When I were a lad
“So, what do you want to do?” asked my careers advisor.
Since I first started to plan my career I knew I wanted to make adverts. Two things swung it. The first was the unending joy that is the Cadbury’s Smash advert, you know, the one with the laughing robots.
Having been bamboozled into believing that beans means Heinz and hands that do dishes can…. erm…. something….errr… something … with mild green Fairy Liquid, the idea that an advert could be entertaining, even funny, was a revelation. Entire films packed into bite size morsels, carefully crafted to make you laugh, cry but mainly buy.
Adverts suited my adolescent attention span and a megalomanic need to influence people, or as others might put it, manipulate them. But if the twin incentives of mind control and creating miniature cinematic masterpieces didn’t fully convince me, my final call to action as a fifteen year old wannabe advertising man was my mate Simon Kaufman, well his dad anyway. Simon lived in the coolest house in the coolest road and had the coolest parents. He called them Mike and Val, for those were their names. And what was Mike’s job? Yep, you guessed it, advertising.
“I want to make adverts” I replied to my careers adviser without a hint of hesitation or dilemma.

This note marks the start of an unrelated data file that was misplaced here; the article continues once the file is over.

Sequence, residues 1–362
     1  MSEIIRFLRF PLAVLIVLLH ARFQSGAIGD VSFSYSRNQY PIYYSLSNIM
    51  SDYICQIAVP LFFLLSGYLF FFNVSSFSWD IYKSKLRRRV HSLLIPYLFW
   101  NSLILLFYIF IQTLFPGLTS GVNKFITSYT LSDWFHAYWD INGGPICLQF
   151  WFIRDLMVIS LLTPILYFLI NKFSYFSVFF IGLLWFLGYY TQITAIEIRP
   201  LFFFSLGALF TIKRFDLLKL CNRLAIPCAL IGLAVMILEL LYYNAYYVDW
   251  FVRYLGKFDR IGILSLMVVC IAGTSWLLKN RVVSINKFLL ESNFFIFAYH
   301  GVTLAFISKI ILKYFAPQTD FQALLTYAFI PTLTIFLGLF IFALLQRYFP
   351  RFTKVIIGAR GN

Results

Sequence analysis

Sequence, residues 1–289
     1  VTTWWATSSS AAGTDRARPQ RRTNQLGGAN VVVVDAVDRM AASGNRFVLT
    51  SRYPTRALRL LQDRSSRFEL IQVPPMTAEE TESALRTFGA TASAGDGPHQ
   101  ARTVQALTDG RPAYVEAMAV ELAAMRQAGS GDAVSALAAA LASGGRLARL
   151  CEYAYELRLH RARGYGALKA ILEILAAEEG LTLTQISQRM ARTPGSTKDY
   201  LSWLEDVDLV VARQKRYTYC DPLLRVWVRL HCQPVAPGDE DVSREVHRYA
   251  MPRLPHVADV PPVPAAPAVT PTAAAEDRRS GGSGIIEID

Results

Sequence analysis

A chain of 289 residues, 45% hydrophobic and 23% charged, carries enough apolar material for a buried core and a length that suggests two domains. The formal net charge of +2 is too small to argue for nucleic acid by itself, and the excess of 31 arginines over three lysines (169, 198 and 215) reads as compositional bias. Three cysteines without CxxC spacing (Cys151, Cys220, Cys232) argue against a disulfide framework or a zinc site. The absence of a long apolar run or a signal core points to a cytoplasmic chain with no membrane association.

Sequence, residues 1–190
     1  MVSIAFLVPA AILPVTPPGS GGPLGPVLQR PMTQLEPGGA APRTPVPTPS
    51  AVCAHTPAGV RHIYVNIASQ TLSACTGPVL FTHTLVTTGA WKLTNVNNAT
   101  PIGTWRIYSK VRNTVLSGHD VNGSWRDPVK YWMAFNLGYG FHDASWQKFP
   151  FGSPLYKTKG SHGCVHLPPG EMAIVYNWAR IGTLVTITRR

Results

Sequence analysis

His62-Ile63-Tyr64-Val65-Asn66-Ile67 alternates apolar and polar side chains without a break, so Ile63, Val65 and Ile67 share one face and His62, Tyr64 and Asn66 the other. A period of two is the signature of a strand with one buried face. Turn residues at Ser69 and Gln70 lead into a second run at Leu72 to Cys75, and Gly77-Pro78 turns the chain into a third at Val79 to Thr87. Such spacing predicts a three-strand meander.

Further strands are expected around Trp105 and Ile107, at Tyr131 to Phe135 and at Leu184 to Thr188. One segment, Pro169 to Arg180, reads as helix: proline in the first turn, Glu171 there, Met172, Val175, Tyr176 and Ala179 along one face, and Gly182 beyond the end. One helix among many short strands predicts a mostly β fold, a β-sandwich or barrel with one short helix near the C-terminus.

Imagine my acute disappointment when he patiently explained as if to an imbecile, that no one person makes an advert. The adverts we see on TV are the work of legions, snaking in a long chain of command linking from the client to the advertising agency to the creative team to the pitch to the storyboard to the market focus group and eventually to the filmmaker who just points the camera and does what he’s told.
But things have changed. Nowadays we have a whole new way of dispensing commercial information, a far less costly process of utilising the most powerful medium of communication on the planet. And there I was, perfectly placed as a filmmaker of some considerable experience with a background in marketing and copywriting. My earliest career goals were about to be fulfilled.
A company can spend hundreds and thousands of pounds on an advert and no one will be interested or they can spend flumpence and have a viral video influencing millions of potential customers. Throwing huge amounts of money at a commercial film project is no guarantee of success. A successful film is all about the idea and it’s execution. Advertising has moved on. No longer do companies need to enlist the expensive and often needless help of an advertising agency or film production company. They have marketing experts devoted to that very task. And here I am with over fifteen years experience disseminating audiovisual information. Between my clients and myself we have truly cut out the middlemen, which means that together we can produce great quality ads for a fraction of the cost. We are truly living the dream.
Here are a couple of my favourites. One is older and more expensive, the other newer, and costing a lot less. Both of them are mini masterpieces, but more importantly they advertise their products perfectly and precisely.